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Happiness: Getting Into the Flow (By Christian Bevacqua)

Happiness: Getting Into the Flow (By Christian Bevacqua)

Tal Ben-Shahar, Ph.D. writes a wonderful book called Happier: Learn the Secrets to Daily Joy and Lasting Fulfillment. He is also the author of the pursuit of perfect. There are many great points in his books and I wanted to share a quick chart he explains which according to psychologist Mihaly Csikszentmihalyi, exemplifies flow—a state in which one is immersed in an experience that is rewarding in and of itself, where action and awareness are merged, and where happiness tends to find us.

It is in this flow, where our pleasure senses are most stimulated, but we are at ease. It is where peak experience and performance merge and where we perform at our best.

Where focusing is effortless, where we, in turn, are learning, expanding, growing and improving toward a future purpose. Because of the ebbs and flows of our everyday life, staying stoic in this perfect flow is unrealistic and we find ourselves struggling to stay in this bliss of effortless being.

The hard thing about flow is keeping it real in our forefront and staying present to feel and experience it.

Focusing too much on past and future will push that flow further away from your grasp. Csikszentmihalyi suggests that having goals, a clear sense of purpose, a distraction-free and healthy inner dialogue, and commitment will help individuals attain flow better.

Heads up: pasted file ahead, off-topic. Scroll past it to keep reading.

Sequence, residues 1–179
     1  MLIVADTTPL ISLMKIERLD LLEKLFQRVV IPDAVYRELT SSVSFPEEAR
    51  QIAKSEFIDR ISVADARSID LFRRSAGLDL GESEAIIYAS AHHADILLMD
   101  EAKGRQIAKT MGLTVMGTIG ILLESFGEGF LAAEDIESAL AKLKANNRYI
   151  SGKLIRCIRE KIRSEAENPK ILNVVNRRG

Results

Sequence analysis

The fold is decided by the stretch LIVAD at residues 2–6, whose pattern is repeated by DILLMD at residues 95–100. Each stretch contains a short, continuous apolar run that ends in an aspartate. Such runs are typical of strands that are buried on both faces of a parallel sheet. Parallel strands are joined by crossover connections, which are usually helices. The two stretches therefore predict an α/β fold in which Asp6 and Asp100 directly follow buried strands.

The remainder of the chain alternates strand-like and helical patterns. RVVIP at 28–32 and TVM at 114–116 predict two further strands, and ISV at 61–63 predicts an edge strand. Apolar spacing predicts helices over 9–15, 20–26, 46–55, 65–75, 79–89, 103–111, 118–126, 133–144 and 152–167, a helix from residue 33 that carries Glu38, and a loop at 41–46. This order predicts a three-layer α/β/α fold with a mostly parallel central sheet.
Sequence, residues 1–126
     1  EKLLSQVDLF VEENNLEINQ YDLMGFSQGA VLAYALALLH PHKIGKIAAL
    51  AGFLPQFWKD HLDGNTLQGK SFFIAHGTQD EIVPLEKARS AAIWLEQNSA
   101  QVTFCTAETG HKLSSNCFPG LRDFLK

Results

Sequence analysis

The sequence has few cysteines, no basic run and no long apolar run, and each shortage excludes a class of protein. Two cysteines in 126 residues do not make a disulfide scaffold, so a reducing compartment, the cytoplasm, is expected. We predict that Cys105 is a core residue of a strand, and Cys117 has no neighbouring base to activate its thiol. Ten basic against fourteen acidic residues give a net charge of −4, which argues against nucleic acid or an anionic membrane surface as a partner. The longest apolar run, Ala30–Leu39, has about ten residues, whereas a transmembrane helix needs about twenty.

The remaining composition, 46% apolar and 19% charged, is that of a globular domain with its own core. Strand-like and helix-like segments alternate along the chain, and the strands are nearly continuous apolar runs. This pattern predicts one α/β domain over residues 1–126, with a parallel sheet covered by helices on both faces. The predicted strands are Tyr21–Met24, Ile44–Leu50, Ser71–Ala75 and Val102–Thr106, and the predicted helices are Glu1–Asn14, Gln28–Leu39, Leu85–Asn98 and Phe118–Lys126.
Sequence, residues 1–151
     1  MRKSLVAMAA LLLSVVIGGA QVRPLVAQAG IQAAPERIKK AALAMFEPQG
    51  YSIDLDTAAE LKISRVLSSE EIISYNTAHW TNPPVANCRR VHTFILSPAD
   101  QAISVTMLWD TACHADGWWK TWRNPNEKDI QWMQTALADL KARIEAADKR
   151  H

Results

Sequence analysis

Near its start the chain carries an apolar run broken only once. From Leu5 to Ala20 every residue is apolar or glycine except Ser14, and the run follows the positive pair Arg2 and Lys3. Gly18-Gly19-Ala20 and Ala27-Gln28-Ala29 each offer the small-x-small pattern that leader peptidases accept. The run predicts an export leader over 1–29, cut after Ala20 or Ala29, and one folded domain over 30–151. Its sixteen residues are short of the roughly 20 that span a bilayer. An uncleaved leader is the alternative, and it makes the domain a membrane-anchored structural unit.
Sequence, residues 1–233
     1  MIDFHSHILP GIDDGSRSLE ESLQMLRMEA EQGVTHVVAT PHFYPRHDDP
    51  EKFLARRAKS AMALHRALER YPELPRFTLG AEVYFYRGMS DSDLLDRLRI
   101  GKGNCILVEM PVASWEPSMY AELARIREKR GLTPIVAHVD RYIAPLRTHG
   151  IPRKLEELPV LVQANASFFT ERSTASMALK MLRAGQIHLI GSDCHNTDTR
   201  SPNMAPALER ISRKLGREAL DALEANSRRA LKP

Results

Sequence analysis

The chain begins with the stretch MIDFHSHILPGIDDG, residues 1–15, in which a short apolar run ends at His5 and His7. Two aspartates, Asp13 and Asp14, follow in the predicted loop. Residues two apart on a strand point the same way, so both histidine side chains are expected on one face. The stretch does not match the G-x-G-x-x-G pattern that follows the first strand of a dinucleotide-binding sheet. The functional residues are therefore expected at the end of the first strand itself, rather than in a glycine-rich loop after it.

I encourage people to feel out their anxiety and pain. There is no self-benefit storing up emotions, hurt and feelings. A healthy outlet is always encouraged. Csikszentmihalyi says that soaking in the pain will diminish peak performance and overexertion and under exertion will both destroy the ability to get into your flow.

According to the chart, there is a zone where people perform the best and enjoy doing what they are performing. Too difficult of a task or too easy of a skill level will either create some sort of anxiety or boredom, if not balanced to the vibrational equivalent of the individual at that moment in time.

The constant challenge is to stay in the balanced zone. If meditation is your new task, it may bring about anxiety at first because the learning curve is steep. But will prove easier once practice has taken place, but there is always a way to keep learning and growing. The same meditation will out grow even the best meditators. Then there are advanced methods. (That's another story).

When do you experience flow? How can you optimize your flow by decreasing your anxiety, step back from your hectic schedule a bit or perhaps charging your day with a few more tasks that keep you challenged? Want to find that tangible happiness? First, find your indivisible flow. Happiness will follow suit closely behind.

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